The convergence of a number of computing technologies, which together enable the efficient sharing of computing resources without significant emphasis on physical location.
Open-source movement -- not just "free as in beer".
The huge collaboration of open-source software developers as provided a great deal of the fundamental infrastructure on which cloud computing rests. It is fair to say that without the open-source community, Cloud Computing would not exist.
- Linux -- what flavour would be like Mr Torvalds?
Network Computer -- Oracle, aka Larry Ellison (mid 90s)
As early as the mid 90s, big IT companies were already making their bets on whether local computers, with local storage was obsolete. Unfortunately, for-profit companies wanted to lead the way so as to own the underlying system.
Fortunately, nobody likes Larry.
Virtualization -- the Truman Show in silico.
Virtualization goes back to before the Internet (Yes, cool ideas were possible even then!). Though it can be bewildering when first encountered, it is nothing more than providing a virtual rather than actual resource. Most often, resources are hardware; from a single device to an entire virtual computer.
Like a photograph, an image is the captured the state of runnable computer system. Ideally, this is a completely installed and configured system.
Effective virtualization places a running machine in a bubble. These bubbles are called containers and prevent the machines stepping on each-others toes.
Unlike a photograph, an image can be re-read and started. Each in their own bubble, this can be done concurrently, as many times as your resource limits permit. Each running example is an instance.
Transient storage is there and reliable for the lifetime of an instance. Once an instance is terminated -- for whatever reason -- the storage is returned to the pool and any resident data is lost.
Like the local disk in a laptop or desktop, persistent storage remains until deleted by the user. Persistent storage is expensive in cloud computing and therefore not the default. It exists independent of the lifetime of any instance.
Bringing it all together, dynamic allocation is the on-demand provision of resources to support a requested instance. This includes requested memory, CPUs and transient storage. For NeCTAR this can be driven through the web-based dashboard.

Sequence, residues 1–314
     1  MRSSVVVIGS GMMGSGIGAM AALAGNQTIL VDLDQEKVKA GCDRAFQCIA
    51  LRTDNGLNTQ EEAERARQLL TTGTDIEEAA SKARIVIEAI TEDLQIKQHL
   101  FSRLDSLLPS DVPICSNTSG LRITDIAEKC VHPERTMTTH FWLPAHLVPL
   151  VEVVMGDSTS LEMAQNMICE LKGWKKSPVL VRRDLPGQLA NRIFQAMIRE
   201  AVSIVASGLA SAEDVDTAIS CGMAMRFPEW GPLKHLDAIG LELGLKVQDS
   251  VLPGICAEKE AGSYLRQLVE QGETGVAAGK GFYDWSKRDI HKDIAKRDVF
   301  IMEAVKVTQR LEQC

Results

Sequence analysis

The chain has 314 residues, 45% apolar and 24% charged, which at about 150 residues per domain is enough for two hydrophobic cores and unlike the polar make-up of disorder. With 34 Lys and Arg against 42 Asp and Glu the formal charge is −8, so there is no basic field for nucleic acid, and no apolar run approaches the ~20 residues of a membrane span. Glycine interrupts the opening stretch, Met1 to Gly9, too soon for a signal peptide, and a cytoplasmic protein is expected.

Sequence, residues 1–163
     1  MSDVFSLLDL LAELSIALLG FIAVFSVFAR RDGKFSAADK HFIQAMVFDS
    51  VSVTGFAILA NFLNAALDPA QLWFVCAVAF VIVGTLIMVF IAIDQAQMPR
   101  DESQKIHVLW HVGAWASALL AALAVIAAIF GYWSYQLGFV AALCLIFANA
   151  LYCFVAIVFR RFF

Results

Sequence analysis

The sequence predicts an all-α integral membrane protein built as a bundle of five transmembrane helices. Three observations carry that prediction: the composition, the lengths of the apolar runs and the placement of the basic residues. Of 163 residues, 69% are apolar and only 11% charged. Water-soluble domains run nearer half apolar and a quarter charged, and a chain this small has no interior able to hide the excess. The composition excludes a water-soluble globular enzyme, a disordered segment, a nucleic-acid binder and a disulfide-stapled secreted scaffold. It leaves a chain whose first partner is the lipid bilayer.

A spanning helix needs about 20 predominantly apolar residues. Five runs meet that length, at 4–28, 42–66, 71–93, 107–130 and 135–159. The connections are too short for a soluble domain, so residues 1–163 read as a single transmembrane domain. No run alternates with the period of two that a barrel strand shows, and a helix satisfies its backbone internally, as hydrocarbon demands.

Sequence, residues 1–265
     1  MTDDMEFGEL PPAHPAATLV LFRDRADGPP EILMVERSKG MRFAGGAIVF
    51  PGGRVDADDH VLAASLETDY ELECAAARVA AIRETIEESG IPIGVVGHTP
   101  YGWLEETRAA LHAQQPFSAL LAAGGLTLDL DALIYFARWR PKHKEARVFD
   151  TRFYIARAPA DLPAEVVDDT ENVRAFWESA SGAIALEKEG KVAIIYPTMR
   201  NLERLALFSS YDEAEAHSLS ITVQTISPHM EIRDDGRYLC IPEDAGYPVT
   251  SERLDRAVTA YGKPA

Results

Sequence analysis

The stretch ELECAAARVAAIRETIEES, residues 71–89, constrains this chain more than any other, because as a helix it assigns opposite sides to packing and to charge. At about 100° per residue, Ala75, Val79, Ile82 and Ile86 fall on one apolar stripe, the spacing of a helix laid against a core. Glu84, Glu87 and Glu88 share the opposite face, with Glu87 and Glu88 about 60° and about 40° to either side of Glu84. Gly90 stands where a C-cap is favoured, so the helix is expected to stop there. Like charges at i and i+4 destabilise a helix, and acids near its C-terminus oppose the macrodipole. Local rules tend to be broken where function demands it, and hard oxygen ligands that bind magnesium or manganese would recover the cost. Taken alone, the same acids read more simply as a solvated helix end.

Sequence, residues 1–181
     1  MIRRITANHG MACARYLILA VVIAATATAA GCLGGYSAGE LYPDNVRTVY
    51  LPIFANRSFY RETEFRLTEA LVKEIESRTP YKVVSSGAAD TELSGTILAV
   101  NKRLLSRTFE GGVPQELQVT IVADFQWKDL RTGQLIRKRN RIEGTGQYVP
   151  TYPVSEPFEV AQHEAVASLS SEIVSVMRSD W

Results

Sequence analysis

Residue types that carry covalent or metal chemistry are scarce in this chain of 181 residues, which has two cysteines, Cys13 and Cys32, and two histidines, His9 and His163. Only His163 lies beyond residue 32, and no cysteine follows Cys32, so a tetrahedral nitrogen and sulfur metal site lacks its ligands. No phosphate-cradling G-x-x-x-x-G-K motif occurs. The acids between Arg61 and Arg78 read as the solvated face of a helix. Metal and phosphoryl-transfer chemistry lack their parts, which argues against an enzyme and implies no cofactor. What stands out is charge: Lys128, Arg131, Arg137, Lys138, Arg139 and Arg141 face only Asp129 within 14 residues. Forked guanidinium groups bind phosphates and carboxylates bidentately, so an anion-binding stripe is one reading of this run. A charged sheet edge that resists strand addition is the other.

Images come in many flavours, these can be generic or tailored to particular types of work. NeCTAR has a number of "official" images, each of which are base installations of recent versions of well known Linux distributions. In addition to these are "public" images, which can be anything for yet more base installations to highly tailored environments for particular computational tasks. Any user can create their own images on NeCTAR.
For Bioinformatics, our recommendations are the Genomics Virtual Laboratory (GVL) or in second place Bio-Linux. As with any effort within open-source, whose on top can change as developer support waxes and wanes. It is always a good idea for end-users not to become too complacent with an arbitrary choice made many years ago.
GVL is presently a highly supported part of the NeCTAR's cloud, with the goal of making bioinformatics analysis accessible and reproducible for all biologists.
Images when first launched are automatically assigned a public IP address and transient storage. Transient storage exists only as long as the instance: 10GB primary (/dev/vda) and 30GB per CPU secondary (/dev/vdb).
The primary device can be backed up by use of snap-shots, while the secondary device is excluded. Retaining data from the secondary device is left to the user.
Methods of retaining data
For FileZilla connections to NeCTAR, we have a small tutorial here
These are persistent storage units, existing independent of any instance, and therefore are useful for sharing working state between instances and periods of user activity. An instance must reside in the same zone as a volume to which it wishes to attach.
- monash – Monash University
- qld – University of Queensland
- tasmania – University of Tasmania
- melbourne – Melbourne University
- NCI – Australian National University
- QRIScloud – Joint Queensland node
- sa – Joint South Australian node
Zones are physical locations which have provided computing infrastructure to the NeCTAR cloud. These range from individual institutions to consortiums.
Though UTS has access, it is not a major stake holder (doesn't provide a zone) and does not therefore have a preferential zone choice (someone correct me?) Depending on intended use, zone choice is therefore not necessarily important.